|EVIDENCE BASED SUMMARY
|Year : 2015 | Volume
| Issue : 3 | Page : 333-334
Can routine screening and iron supplementation for iron deficiency anemia in nonsymptomatic pregnant women improve maternal and infant health outcomes?
Anoosh Moin1, Zohra S Lassi2
1 Department of Paediatrics, Aga Khan University, Karachi, Pakistan
2 Department of Obstetrics and Gynecology, Australian Research Centre for Health of Women and Babies, Robinson Research Institute, School of Paediatrics and Reproductive Health, The University of Adelaide, Adelaide, Australia
|Date of Web Publication||23-Jul-2015|
Dr. Anoosh Moin
Department of Paediatrics, Aga Khan University, Karachi
Dr. Zohra S Lassi
Australian Research Centre for Health of Women and Babies, Robinson Research Institute, School of Paediatrics and Reproductive Health, The University of Adelaide, Adelaide
Source of Support: None, Conflict of Interest: None
Pregnant women have an increased need for iron that might not be met with diet alone. Due to physiologic anemia and population differences, no set criteria for defining iron deficiency anemia (IDA) are available globally. Serum ferritin and transferrin levels are often used to guide therapy by clinicians. Studies have reported an association between poor iron status and negative health outcomes such as low birth weight, premature birth, and perinatal death for women and their infants, although the evidence is weak.
Keywords: Anemia, iron, pregnancy
|How to cite this article:|
Moin A, Lassi ZS. Can routine screening and iron supplementation for iron deficiency anemia in nonsymptomatic pregnant women improve maternal and infant health outcomes?. J Family Med Prim Care 2015;4:333-4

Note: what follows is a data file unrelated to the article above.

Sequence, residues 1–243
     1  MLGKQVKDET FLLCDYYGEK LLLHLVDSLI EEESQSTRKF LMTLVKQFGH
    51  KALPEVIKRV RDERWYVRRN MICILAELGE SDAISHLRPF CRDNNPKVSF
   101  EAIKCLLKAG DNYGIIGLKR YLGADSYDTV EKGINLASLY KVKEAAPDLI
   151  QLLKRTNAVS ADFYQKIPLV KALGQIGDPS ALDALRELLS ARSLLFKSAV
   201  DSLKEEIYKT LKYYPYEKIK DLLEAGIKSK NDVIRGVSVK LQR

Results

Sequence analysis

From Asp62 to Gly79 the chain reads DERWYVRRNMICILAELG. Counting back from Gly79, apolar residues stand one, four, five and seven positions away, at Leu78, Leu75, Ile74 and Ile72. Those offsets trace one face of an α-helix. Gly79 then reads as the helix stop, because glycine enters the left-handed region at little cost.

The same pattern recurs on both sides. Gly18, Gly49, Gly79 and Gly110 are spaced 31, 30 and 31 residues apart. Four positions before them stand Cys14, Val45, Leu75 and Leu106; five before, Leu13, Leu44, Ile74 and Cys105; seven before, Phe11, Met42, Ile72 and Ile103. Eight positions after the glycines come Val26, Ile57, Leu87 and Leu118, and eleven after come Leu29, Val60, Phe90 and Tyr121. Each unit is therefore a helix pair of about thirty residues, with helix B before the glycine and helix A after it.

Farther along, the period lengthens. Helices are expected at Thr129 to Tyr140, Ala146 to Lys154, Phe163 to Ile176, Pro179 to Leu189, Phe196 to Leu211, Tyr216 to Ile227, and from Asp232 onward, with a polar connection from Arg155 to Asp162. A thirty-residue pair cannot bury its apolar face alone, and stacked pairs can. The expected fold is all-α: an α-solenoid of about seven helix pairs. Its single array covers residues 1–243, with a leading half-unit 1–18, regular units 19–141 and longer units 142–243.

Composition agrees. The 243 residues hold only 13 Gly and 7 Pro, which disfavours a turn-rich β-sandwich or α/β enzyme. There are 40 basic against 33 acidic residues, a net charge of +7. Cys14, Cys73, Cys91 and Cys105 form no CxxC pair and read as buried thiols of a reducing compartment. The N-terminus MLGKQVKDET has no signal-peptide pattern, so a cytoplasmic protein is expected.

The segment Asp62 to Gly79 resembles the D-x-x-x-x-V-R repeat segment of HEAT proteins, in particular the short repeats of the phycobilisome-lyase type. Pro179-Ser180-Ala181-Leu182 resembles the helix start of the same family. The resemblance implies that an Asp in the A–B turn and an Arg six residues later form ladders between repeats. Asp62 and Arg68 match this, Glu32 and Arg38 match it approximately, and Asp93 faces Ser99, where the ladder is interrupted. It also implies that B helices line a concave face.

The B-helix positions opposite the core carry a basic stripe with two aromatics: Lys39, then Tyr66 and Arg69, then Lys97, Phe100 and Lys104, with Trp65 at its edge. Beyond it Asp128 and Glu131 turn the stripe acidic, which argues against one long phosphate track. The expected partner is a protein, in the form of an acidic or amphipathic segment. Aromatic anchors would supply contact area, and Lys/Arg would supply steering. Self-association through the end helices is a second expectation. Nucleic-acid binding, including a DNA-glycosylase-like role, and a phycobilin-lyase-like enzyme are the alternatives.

|How to cite this URL:|
Moin A, Lassi ZS. Can routine screening and iron supplementation for iron deficiency anemia in nonsymptomatic pregnant women improve maternal and infant health outcomes?. J Family Med Prim Care [serial online] 2015 [cited 2020 Oct 19];4:333-4. Available from: https://www.jfmpc.com/text.asp?2015/4/3/333/161310
| Background|| |
Prenatal screening for IDA and routine iron supplementation may allow clinicians to diagnose and preemptively treat iron deficiency and IDA in pregnant women, leading to a decreased risk of future negative health outcomes. However, there is a lack of one consistent set of guidelines that can be applied safely to all populations globally. These guidelines will let clinicians deliver the most efficient care to their patients. One such effort was made by the United States Preventive Services Task Force (USPSTF), which last reviewed evidence on prenatal screening for IDA in 2006 and recommended routine screening on the basis of fair-quality evidence. According to the USPTF, although there is insufficient evidence for screening asymptomatic or treating nonanemic asymptomatic pregnant women, treatment of asymptomatic IDA has moderate health benefits. This summary reports the evidence for routine screening and iron supplementation for IDA in nonsymptomatic pregnant women.
| How was the Study done?|| |
Researchers from the USPSTF conducted a systematic review and meta-analysis of studies reporting routine screening and iron supplementation for asymptomatic (anemic and nonanemic) women and the intervention's effect on any health outcomes for women and infants.
The review included randomized controlled trials, nonrandomized, controlled trials and cohort studies including asymptomatic pregnant women receiving screening or supplementation for IDA, and the studies were in English. When good- and fair-quality studies were available, poor-quality studies were excluded as were studies only published with abstracts or without original data. The review focused on studies using iron supplementation and treatment regimens commonly used in clinical practice in the United States and those conducted in countries with "high" or "very high" human development based on the United Nations's Human Development Index.